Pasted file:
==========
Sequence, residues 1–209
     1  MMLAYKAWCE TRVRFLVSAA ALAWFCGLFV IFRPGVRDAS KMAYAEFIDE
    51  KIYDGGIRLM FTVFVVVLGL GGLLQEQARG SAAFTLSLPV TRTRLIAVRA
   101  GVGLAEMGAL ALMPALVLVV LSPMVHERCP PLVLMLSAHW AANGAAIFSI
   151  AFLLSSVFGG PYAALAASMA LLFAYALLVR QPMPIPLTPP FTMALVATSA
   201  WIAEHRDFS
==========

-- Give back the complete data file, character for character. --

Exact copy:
Sequence, residues 1–209
     1  MMLAYKAWCE TRVRFLVSAA ALAWFCGLFV IFRPGVRDAS KMAYAEFIDE
    51  KIYDGGIRLM FTVFVVVLGL GGLLQEQARG SAAFTLSLPV TRTRLIAVRA
   101  GVGLAEMGAL ALMPALVLVV LSPMVHERCP PLVLMLSAHW AANGAAIFSI
   151  AFLLSSVFGG PYAALAASMA LLFAYALLVR QPMPIPLTPP FTMALVATSA
   201  WIAEHRDFS